Baptists and the American Civil War: October 22, 1865


A worship service in Andersonville Prison during the Civil War.

Today long-time Kentucky Baptist layman and former state politician Leonard Stephens writes to his brother William. Lamenting, in part, the difficulties he is having with his former slaves, Stephens offers a snapshot of white-black relations in the post-war months:

“Since you left I have been considerably troubled over the threatening of my negroes to leave here. The morning after you went away they commenced by wanting to know what I intended to give them for their years work & that unless they receive satisfactory assurances of being paid they would leave very shortly. This was at a time when we had just commenced feeding our hogs & I did not see how to get along at al if they then left, so I made them offers that seemed to be satisfactory, but they have now, for the last two weeks been threatening to go and I have no assurance from one day to another that they will stay.”

Meanwhile, an article by a correspondent from the New York Times describes the recently-created Andersonville National Cemetery, situated on the site of the former, and infamous, Confederate prison that at one point housed thousands of captured Union Soldiers, including many Baptists:


A short ride from Macon brought me to this celebrated village.

There is no other place in this broad republic so hall of historic glory as this sacred spot. And the heard swells up in holy ecstacy as the eye looks upon that bannar of beautiful blue, which waves in billows of red and white crested with stars, from the staff at the cemetery’s centre.

“Above doth float their country’s flag, —
Beneath, its champions sleep;
They died to save the nation’s life, —
Let all that nation weep.
From east to west, from north to south.
This bread land o’er and o’er,
We’ll sigh for those who died for us,
And love them evermore.”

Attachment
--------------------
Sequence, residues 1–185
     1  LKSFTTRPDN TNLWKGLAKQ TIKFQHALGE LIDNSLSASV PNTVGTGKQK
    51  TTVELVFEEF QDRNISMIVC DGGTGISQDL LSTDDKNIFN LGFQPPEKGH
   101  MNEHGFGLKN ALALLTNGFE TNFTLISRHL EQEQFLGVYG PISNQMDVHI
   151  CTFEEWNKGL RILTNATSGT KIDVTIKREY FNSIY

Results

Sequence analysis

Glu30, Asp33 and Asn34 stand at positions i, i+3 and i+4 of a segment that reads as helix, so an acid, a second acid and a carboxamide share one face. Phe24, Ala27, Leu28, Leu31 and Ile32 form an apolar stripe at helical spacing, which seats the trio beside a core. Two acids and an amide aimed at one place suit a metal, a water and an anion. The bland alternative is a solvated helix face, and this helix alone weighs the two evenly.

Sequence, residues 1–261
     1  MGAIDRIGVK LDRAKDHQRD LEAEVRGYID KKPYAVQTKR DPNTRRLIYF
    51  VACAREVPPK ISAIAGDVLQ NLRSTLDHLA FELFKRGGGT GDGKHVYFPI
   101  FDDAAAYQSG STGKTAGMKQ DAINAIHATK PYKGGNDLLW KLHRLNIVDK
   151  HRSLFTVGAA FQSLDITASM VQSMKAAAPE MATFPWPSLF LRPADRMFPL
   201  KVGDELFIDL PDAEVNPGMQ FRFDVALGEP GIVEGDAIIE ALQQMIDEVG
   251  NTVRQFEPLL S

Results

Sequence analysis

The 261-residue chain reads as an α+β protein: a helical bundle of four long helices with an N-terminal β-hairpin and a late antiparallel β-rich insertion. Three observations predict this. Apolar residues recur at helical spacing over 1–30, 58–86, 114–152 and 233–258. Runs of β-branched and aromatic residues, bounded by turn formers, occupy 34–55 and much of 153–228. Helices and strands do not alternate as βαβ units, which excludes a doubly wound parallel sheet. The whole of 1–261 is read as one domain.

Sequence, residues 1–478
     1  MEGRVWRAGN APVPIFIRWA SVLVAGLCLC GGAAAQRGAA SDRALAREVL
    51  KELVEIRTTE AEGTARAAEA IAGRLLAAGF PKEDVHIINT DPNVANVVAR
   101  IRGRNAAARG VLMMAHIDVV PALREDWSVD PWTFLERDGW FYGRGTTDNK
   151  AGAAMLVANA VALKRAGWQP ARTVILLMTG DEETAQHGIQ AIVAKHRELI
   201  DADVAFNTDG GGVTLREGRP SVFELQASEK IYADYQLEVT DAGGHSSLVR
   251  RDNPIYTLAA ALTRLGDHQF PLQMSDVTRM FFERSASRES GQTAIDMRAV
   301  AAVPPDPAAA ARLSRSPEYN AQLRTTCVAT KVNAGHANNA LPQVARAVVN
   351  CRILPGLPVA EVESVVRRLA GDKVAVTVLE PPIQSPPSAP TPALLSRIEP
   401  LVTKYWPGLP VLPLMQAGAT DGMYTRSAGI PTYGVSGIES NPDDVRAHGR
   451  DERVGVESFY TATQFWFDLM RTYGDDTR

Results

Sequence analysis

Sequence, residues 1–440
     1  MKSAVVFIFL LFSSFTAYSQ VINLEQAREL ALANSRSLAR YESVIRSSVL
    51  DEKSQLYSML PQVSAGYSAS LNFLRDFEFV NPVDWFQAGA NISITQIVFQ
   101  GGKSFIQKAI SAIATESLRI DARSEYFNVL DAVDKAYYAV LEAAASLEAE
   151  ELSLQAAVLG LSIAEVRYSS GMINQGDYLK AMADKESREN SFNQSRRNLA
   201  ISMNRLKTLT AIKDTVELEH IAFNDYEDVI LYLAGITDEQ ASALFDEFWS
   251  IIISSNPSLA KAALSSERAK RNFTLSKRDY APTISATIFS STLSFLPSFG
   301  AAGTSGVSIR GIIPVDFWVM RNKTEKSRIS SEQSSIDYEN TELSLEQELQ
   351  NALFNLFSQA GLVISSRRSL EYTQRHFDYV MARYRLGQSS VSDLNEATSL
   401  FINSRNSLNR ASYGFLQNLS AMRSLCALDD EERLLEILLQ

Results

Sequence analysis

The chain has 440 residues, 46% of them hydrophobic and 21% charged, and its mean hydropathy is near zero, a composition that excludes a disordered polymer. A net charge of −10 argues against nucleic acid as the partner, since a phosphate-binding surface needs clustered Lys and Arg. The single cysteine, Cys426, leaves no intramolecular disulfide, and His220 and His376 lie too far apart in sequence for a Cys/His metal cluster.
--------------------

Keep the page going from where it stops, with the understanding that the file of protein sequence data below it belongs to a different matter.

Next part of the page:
About a quarter of a mile north of the north end of the stockade or death prison, is the south entrance to this National Cemetery. The burial grounds, as surveyed, planned and inclosed by order of Gen. WILSON, Miss CLARA BARTON’s party, &c., is a square, containing forty-seven acres. Entering the south gate, next the stockade, a broad carriage-way leads directly northward through the centre of the grounds, on either side of which are very many long rows of head-boards denoting the trenches where our dead are buried. A neatly graded pathway, at the foot of the entombed soldiers, runs the full length (several hundred feet) of each of these trenches, where the name painted on each board can be easily read by the passing visitor. These two solid, close-columned division of dead soldiery extend nearly to the flagstaff, which is in the centre of the grounds. A little to the right, are buried six men — I cannot call them soldiers — who were hung by our soldier-prisoners for murdering and robbing their comrades. The third and largest division of graves is located in the northeast corner, occupying several acres. The last head-board bears the number 12,848. Add to this 64 prisoners who died of small-pox, buried in another inclosure, the six criminals who were hung, and one negro soldier, and the total mortality of which we have any record amongst the soldiers of the Union is 12,919. Including 114 rebels, buried here, the grand total is 13,033.

The cemetery is undergoing a thorough cleansing, substantial fences are in process of completion, inclosing the whole grounds. A modicum of ornament is being added in the shape of architectural gates, etc. On a little white-painted board at the left of the main south entrance appears the following inscription:

On fame’s eternal camping ground,
Their silent tents are spread;
And glory guards with solemn round
The bivouac of the dead.

Further along the wide carriage-way, toward the centre, on the right, we read:

Whether in the prison drear,
Or in the battle’s van,
The fittest place for man to die.
Is where he dies for man.

And on the left:

The hopes, the fears, the blood, the tears,
That marked the battle’s strife,
Are now all crowned by victory,
That saved the nation’s life.

Close to the flagstaff, from which floats the starry banner, at the central terminus of this broad carriageway, is another inscription, running thus:

A thousand battle-fields have drank
The blood of warriors brave,
And countless homes are dark and drear
Thro’ the land they died to save.

I append a list of the names of all the brave patriots from the State of New-York who suffered for their country the horrors of Andersonville Prison, and who died, rather than take the rebel oath and live. So long as history shall chronicle their glory, or the flag they defended wave over the land of the free and the home of the brave, let these heroes be honored and loved.


Sources: “ANDERSONVILLE.; General Description of the Cemetery for Union Soldiers. Forty-Seven Acres of Consecrated Graves. Improvement, Care and Ornamentation of the Grounds. Full List of New-York Soldiers Buried There. How to Find the Grave of Each Soldier.,” New York Times, November 4, 1865 (link); Leonard Stephens letter, October 22, 1865 (link)